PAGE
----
One memory in particular comes from my time with the high school’s short-lived AV Club, when I was participating in the creation of an ad for a much longer-lived Anime Club. One of the members of the Anime Club, a freshman as I recall, was a bit shy about being interviewed. To lighten the mood from the serious questions my brother and the other members of the AV Club made up, I decided to ask a more lighthearted question: “What’s Your Favorite Abridged Series?” Over the course of her answer, she began to lighten up and express herself to us and the interview went smoother than before. Shortly after her interview, we continued talking about abridged series, until the conversation devolved into the two of us reenacting a bit from DBZA (I was the Yoshi).

Through the ruin of a city, stalked the ruin of a child…This is the story of how he grew up. The child wanders through the rain-drenched city, hoping he is wrong. He is right. (The music in the background is a mix of the choir of ancient times and the instrumentals of a rock and roll band, Murray Gold at his finest.) The child lands, trying desperately to repress what he’s feeling. He will fail. (The use of black and white as the scene flashes back to Gohan’s last moments is as amazing as it is obvious.) The child looks at the hero’s corpse. The camera pans down to the hero’s lifeless body. The child is not ready. (Scott Frerichs’ voice acting as he expresses all these emotions is superb.) The child is afraid. The child is angry. (Really, Scott should be applauded for his editorial work more than his voice work, as each shot lasts for as long as it needs and it crescendos into one moment of real beauty.) The child is sad. The child wants to repress. The child cannot. (The animation is, of course, amazing. I am always a sucker for scenes where rain makes the characters look like they’re crying because they can’t let themselves do it. And props to the editing, getting all this to work perfectly.) The child shakes his best friend’s corpse. The child wants the hero to be alive. The hero is dead. The child screams. The child wants to express. The child hurts himself because he cannot. In the ruin of a city, a ruin becomes a god. The child is dead.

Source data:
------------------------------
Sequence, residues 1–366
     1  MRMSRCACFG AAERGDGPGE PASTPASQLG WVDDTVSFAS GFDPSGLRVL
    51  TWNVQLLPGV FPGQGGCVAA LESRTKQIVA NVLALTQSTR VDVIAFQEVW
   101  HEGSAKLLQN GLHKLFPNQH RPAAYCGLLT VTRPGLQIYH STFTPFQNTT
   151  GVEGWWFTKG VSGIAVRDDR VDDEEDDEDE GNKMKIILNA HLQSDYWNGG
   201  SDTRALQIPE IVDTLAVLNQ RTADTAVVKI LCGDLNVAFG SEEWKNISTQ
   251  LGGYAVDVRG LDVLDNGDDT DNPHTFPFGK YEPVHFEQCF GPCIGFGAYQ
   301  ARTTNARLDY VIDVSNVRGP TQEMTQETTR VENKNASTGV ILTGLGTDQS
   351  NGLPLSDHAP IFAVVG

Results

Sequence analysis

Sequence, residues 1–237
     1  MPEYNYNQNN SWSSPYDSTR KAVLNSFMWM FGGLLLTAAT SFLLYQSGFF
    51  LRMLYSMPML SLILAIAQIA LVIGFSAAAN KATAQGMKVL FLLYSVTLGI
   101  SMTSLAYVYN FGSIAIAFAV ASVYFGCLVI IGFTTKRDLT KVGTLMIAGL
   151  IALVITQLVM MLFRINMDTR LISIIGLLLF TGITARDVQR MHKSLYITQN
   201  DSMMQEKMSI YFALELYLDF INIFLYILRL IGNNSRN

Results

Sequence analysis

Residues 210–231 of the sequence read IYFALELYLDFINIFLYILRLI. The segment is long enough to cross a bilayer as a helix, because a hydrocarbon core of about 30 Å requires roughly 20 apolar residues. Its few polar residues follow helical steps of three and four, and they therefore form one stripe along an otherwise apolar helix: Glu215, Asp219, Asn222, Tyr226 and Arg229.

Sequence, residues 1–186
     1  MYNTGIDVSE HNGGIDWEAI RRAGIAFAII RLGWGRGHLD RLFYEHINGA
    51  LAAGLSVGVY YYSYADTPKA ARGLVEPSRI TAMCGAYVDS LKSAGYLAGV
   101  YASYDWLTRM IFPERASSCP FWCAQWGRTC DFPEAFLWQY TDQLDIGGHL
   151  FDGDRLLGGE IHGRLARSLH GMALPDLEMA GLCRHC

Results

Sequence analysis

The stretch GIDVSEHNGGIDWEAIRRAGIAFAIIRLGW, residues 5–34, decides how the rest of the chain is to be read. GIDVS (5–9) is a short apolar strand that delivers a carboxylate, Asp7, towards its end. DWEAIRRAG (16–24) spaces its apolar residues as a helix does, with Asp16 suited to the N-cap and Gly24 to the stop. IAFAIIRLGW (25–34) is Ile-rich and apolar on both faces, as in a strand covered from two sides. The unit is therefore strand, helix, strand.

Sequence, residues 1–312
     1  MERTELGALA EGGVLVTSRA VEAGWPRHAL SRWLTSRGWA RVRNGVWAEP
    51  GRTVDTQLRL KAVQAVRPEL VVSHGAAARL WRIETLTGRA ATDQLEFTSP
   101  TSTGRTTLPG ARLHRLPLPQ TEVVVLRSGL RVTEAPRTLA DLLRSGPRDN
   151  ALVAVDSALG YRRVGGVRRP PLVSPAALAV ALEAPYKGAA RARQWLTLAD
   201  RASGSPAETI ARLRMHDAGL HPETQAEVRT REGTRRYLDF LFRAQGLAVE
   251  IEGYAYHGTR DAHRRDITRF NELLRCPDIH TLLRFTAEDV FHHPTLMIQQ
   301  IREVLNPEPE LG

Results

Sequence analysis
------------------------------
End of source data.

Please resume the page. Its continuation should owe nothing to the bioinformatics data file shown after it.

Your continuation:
Gambling is a minor theme of the series. Con Artists gambling to the next day, thieves gambling as they screw over the mob, a serial killer gambling with the universe on the basis that he’s the main character and the story relies upon him, psychotic sadomasochists gambling that their love will be everlasting, and alchemists gambling that their pact with a “demon” for immortality won’t end with one of them eating all the rest and gaining their knowledge. But one thing all these gambles have in common is that the price they pay for losing is their lives.